Opening the door to collaboration! Print
By Kaye Hunter   

 Writing and compiling the multimedia publication for SLAV, ‘Open the door to inquiry: A planning tool for teacher-librarians and teachers in primary schools’ was very challenging. Although my name appears on the cover, I did not develop this resource in isolation. I collaborated with others and relied heavily on their skills and knowledge in determining some of the content, as well as shaping the final format of the publication. 

There were times when I felt unable to move forward with the project and timely intervention was necessary! I am grateful for the valuable input and encouragement that Mary Manning, Chief Executive Officer of SLAV, and Chris Ferreter, SLAV Office Manager, maintained throughout the entire project. They were also able to draw in the talented people who had the right skills to ensure that the project could develop in the format I had envisaged.
As a starting point, I developed a concept map and an outline of the publication which from the outset was to have a primary school focus. I presented this to Mary and from there we resolved that I would expand the document and present it to a group of primary school teacher-librarians who became ‘The Inquiry Group’. The members of this group gave valuable feedback about the content and direction of the publication. I was also fortunate to have the opportunity to work within schools to trial and explore some of the strategies and elements of inquiry-based learning. These schools included Greenhills Primary School, with teacher-librarian Val Lewis, and Greythorn Primary School with teacher-librarian Cheryl Williams. 
One of the elements I had hoped to include was a song as part of the publication. I had a few thoughts, but producing a song was not in my skill set, so Mary set up a meeting with teacher, author and musician, Mark Carthew. We tossed around a few ideas and discussed the WE SOLVE it! cycle of inquiry. Mark, in collaboration with Rob Fairburn, created the WE SOLVE it! song. They forwarded a demo for our feedback and then it was performed by the wonderful 2007 choir of Livingstone Primary School for inclusion on the CD-ROM. 
My initial ‘vision’ of the publication was that it would be filled with photos to ‘show’ what inquiry-based learning looked like. Although many photos were taken, as time passed I went in a new direction inspired by the illustrations that Jin Wang had already completed for SLAV. Again, Mary set up the first of many meetings with Jin. I had some ‘mock-ups’ (created in Word) and a host of ideas I had collated, but clearly I lacked the necessary skills to go beyond that!
Jin fortunately had these skills! He embraced the project enthusiastically and was responsible for the layout, design and all of the illustrations for the publication. It was wonderful to see the ideas evolve into graphics, bringing the publication to life.
Jin was able to create images and diagrams from my mock-ups! 




Jin could interpret in visual terms the descriptions we discussed for the cover poster, for example. He initially presented a range of individual character sketches, then an outline of the page. Jin was always open to feedback and prepared to refine and add details. As a result, I feel that through this collaboration, all of the illustrations including the final colour cover poster capture the active engagement of both the students and staff in inquiry-based learning perfectly!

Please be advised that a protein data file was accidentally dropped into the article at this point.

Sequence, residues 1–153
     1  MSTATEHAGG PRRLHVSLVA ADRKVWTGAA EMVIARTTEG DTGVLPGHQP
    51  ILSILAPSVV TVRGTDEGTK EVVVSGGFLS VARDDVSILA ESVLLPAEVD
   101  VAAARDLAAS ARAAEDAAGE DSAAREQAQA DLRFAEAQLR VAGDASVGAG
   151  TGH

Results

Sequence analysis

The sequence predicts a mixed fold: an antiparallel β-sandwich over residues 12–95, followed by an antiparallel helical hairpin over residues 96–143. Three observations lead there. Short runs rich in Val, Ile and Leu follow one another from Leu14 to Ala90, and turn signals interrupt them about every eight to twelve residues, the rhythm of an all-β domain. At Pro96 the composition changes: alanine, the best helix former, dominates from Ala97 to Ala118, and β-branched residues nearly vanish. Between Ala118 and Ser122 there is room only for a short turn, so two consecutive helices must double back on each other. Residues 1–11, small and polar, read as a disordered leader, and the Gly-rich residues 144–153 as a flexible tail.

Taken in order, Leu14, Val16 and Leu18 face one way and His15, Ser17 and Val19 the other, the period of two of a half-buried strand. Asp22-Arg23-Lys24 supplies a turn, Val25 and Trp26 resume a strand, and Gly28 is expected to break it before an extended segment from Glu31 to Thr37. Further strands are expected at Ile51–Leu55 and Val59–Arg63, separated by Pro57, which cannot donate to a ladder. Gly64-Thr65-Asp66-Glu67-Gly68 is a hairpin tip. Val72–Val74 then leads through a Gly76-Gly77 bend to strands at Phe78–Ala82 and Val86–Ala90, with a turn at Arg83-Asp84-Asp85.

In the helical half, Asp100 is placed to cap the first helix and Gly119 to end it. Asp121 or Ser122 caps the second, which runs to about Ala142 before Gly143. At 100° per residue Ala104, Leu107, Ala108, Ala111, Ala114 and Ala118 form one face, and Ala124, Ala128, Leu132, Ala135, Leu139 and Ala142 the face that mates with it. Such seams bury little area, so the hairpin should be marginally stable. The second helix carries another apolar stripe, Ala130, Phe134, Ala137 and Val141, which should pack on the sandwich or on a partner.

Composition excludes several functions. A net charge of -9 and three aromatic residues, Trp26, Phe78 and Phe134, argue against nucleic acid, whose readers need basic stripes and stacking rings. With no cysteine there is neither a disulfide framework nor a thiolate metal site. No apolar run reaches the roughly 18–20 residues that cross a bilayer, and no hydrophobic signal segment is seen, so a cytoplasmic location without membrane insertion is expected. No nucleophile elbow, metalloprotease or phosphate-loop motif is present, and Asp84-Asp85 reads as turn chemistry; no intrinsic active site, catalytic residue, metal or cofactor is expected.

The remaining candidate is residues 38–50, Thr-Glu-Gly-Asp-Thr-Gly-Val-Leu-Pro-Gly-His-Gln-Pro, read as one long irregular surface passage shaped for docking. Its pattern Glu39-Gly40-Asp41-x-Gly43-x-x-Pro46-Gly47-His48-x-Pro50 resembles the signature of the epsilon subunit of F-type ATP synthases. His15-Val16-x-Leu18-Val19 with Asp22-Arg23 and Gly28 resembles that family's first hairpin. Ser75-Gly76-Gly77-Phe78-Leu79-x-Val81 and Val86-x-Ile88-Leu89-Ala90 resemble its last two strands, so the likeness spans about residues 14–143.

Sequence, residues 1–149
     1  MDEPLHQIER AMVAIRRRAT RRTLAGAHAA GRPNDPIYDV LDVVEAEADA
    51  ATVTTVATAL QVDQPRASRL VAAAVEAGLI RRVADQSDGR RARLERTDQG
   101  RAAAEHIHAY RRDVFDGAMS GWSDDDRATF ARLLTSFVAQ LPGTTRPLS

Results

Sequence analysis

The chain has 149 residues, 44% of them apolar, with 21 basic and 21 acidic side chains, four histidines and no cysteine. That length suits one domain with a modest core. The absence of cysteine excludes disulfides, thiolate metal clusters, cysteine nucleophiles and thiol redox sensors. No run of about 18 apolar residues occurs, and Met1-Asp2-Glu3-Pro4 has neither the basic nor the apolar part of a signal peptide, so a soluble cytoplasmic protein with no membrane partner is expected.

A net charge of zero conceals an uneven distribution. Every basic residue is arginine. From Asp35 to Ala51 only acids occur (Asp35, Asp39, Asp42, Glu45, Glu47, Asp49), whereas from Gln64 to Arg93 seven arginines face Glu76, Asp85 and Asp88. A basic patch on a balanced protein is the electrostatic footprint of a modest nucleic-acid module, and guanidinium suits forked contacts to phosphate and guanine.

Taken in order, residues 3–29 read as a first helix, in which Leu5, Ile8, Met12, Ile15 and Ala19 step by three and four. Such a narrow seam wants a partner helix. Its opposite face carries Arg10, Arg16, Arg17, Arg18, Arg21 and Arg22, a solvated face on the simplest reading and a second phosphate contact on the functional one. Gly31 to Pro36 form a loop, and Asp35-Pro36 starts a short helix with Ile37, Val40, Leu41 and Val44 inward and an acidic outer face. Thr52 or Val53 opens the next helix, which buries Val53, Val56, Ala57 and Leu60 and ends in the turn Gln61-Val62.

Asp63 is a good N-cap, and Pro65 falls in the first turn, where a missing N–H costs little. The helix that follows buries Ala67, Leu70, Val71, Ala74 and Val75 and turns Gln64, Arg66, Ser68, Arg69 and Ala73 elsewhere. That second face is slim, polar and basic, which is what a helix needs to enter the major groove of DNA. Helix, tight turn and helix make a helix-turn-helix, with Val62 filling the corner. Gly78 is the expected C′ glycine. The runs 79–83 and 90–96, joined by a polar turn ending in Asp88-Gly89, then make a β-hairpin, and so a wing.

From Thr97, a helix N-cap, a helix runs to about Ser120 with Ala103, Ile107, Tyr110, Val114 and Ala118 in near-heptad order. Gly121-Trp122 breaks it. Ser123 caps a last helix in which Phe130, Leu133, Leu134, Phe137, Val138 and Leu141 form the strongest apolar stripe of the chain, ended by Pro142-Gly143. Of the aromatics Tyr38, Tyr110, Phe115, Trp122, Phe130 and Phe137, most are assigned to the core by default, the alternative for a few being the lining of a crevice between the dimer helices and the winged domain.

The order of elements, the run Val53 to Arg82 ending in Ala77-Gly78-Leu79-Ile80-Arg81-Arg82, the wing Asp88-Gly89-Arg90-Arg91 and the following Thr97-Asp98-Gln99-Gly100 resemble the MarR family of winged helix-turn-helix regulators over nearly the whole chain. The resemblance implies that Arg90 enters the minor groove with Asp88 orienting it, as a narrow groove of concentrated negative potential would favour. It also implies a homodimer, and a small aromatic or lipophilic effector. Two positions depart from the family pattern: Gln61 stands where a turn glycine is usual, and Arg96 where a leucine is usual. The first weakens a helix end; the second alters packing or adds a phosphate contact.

Open the door to inquiry: a planning tool for teacher-librarians and teachers in primary schools

Target – largely primary school staff
The book is 60 pages and square
Cover is a section of the poster
Poster – wrap around to become the dust jacket
Poster reflects a library of active engagement of both students and staff in inquiry learning.
  • Bird’s eye view?
  • Cartoon style
We like the numbered reference to images with explanatory text around the poster.
1.     WE SOLVE it! display on wall
2.     Unit of focus display on wall (plus resources under display)
3.     Inquiry on the move trolley 
Having a document published was a new experience for me. We met often with desktop publisher Barry White. When Jin provided the design for the book the document was set up into that format. There were still many drafts to follow, decisions to be made, areas that required refinement, as well as the inevitable editing! Barry’s expertise, advice, attention to detail and patience were all crucial. He collaborated with us all to ensure the completion of the document, and with the printers to ensure the quality of the publication.
Interaction throughout the project included many phone calls and emails, but it was at the numerous planning meetings that we collaborated, where through sharing and discussion, significant decisions were made.
The journey from ideas to a final copy ready for publication was a long one, but I am fortunate that those I was closest to throughout the project, Mary, Chris, Jin and Barry, were collaborative, talented and able to sustain their commitment as well as their sense of humour!
Kaye Hunter has had a long career as a teacher and teacher-librarian in primary schools where inquiry-based learning is central to the programs. Kaye has contributed to several SLAV publications and presented at SLAV conferences and teacher-librarian network meetings. Her multi-media publication Open the Door to Inquiry: A Planning Tool for Teacher-Librarians and Teachers in Primary Schools was published by SLAV in 2009.